Bulk Adds and Entity Framework

You ever find yourself just wishing you could fire off three, four, maybe five thousand records all at once? Or even more than that? I bet you do. I found myself in this situation recently and usually I rely on Entity Framework to accomplish my data-related needs as I am firmly entrenched in the .NET ecosystem. You can imagine my dismay upon discovering that Entity Framework isn’t really fit for this purpose, a bit like trying to use a tractor to compete in Formula One. 

There is a solution! Step outside of Entity Framework, briefly, and use SqlBulkCopy. You may be thinking “Why? I’m not copying anything, I want to insert new records.” That was my immediate reaction, too, but don’t worry – we’re actually going to use SqlBulkCopy to achieve mass creation of new records.

If you’ve tried this with Entity Framework, you know that you’re (probably) spending a lot of time waiting for the operation to finish. There are various workarounds, such as disabling automatic change detection. These workarounds come with pretty intense warnings, usually, about why you have to be careful and re-enable all of the things you disabled as soon as you can afterwards. They’re also not guaranteed to work, as they did not work in my case (This is anecdotal evidence. Your mileage may vary.) Instead of hammering our tractor into the shape of a Formula One car and hoping it goes faster, let’s just go get ourselves a race car.

We’re going to use SqlBulkCopy, your data, and the DataTable class. I’ll be using something simple as an example, but you should be able to extrapolate this to whatever your use case is because it isn’t especially difficult. My example is, say, a two column table that stores an identifier and integer values from 0 to 9999. Fascinating! Also, it conveniently happens to be quite a few records. We use DataTable as an interim holding zone for our information and subject it to the bulk copying experience.

How might this look? About like this:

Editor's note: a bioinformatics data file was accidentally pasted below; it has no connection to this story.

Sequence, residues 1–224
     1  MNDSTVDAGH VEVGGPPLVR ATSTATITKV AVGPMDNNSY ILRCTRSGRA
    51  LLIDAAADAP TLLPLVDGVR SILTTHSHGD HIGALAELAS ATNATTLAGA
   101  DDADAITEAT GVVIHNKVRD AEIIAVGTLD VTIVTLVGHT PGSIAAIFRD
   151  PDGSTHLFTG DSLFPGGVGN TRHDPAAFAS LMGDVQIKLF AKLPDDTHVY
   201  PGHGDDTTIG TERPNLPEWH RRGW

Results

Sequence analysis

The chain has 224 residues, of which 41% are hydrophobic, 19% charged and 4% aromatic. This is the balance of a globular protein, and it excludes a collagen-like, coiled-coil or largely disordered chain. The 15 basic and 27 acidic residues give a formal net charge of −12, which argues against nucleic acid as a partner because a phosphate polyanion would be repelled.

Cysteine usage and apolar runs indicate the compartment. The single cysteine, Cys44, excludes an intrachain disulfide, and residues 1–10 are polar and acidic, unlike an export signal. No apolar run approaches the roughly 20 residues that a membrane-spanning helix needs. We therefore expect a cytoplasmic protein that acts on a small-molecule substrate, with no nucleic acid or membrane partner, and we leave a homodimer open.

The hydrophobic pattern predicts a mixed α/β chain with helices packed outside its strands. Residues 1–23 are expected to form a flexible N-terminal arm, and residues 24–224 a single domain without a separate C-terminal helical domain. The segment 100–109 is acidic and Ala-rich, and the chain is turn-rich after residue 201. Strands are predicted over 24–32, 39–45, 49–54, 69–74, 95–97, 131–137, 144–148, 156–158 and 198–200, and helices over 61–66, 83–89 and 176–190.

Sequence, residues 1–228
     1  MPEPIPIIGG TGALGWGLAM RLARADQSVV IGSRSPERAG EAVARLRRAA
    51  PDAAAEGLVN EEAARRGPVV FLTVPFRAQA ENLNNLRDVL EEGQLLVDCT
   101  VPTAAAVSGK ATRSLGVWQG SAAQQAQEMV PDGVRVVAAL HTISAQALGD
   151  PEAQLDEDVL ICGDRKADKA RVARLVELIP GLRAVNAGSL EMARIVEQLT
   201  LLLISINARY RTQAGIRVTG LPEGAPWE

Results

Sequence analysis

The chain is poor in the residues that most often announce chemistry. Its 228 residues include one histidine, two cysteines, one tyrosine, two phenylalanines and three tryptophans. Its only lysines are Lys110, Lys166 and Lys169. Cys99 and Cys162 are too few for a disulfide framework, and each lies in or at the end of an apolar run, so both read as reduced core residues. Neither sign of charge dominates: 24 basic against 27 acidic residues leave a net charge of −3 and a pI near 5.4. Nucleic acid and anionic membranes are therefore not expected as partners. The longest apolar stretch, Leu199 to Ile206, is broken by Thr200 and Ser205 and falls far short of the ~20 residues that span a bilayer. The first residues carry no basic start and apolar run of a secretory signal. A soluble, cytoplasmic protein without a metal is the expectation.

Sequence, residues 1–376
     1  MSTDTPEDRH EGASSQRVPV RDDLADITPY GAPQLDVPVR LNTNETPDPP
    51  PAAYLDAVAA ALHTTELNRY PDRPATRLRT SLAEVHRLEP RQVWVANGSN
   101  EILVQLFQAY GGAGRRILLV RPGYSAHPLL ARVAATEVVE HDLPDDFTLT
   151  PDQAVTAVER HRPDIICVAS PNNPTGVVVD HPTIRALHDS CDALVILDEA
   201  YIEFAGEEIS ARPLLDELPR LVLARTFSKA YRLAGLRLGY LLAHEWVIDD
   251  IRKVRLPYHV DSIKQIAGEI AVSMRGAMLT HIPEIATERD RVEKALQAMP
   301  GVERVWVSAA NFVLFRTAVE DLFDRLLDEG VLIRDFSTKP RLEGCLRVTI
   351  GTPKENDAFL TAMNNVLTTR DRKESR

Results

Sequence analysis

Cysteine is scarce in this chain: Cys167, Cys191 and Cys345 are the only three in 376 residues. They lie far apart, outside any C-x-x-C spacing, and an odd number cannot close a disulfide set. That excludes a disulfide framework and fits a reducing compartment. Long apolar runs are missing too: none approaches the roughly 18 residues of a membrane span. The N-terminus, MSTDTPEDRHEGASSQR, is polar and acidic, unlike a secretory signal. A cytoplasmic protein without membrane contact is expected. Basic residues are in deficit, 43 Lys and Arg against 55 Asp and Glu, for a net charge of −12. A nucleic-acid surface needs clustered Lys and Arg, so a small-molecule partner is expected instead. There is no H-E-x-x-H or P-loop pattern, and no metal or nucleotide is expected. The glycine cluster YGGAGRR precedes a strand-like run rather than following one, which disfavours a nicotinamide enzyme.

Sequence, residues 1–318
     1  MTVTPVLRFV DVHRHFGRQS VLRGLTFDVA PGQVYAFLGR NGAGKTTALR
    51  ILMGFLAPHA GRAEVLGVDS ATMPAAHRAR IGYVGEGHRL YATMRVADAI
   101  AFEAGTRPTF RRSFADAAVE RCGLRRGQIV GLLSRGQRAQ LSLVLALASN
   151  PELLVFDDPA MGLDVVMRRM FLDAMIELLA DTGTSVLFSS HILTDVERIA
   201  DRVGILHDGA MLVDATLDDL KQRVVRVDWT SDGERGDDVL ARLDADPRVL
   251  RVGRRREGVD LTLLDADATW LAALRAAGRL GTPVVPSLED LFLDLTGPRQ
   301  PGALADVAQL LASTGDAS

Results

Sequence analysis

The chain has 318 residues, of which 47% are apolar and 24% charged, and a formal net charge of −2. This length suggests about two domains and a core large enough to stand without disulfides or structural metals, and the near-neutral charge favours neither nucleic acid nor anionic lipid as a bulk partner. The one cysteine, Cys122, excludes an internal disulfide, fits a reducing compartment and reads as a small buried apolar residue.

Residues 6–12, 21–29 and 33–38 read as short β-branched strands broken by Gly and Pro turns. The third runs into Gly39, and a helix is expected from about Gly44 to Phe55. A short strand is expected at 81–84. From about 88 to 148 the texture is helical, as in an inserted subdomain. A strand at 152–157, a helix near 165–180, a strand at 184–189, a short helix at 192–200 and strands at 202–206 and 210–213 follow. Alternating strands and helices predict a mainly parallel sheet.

var connectionString = context.Database.Connection.ConnectionString;
var dt = new DataTable();
dt.Columns.Add(“ID”);
dt.Columns.Add(“Value”);

for(var i = 0; i < 10000; ++i)
{
    var value = i;
    dt.Rows.Add(i, value);
}

using(var sqlBulk = new SqlBulkCopy(connectionString))
{
    sqlBulk.DestinationTableName = “MyFanciestTable”;
    sqlBulk.WriteToServer(dt);
}

That’s pretty minimal. I simply grabbed the relevant connection string from what you should absolutely assume is my EntityFramework DbContext. I went with a perfectly throwaway name for my DataTable instance, but you should probably name it something better. The important thing to note is that I have prior knowledge about the structure of the table I called “MyFanciestTable” above. This table is “shaped” exactly like the little example data table I created to hold my values in the interim. There are some other things I know about it, such as (for this example) the ID field is generated by the database engine so whatever value I stick in there is really a throwaway. It looks a bit redundant that I just chunked the same value in there twice, for the ID and Value fields (and just set up a useless variable named “value”), but I simply wanted to illustrate using it for two things.

This example is actually minimal enough to run pretty fast via something like AddRange(), and for this it’s not really worth worrying about SQLBulkCopy at all. I hope that doesn’t detract from it’s illustrative value, though. I hope it looks like something you could easily extend to other use cases. If you find that you need to work with an even larger set of records, you may well need to break them up somehow because even SqlBulkCopy has an upper limit on the amount of things it can handle all at once.

As usual, if you can see any improvements or corrections, please feel free to contact me! I would be happy to incorporate suggestions!

Published by Joe

I'm a software developer from Minnesota.

%d bloggers like this: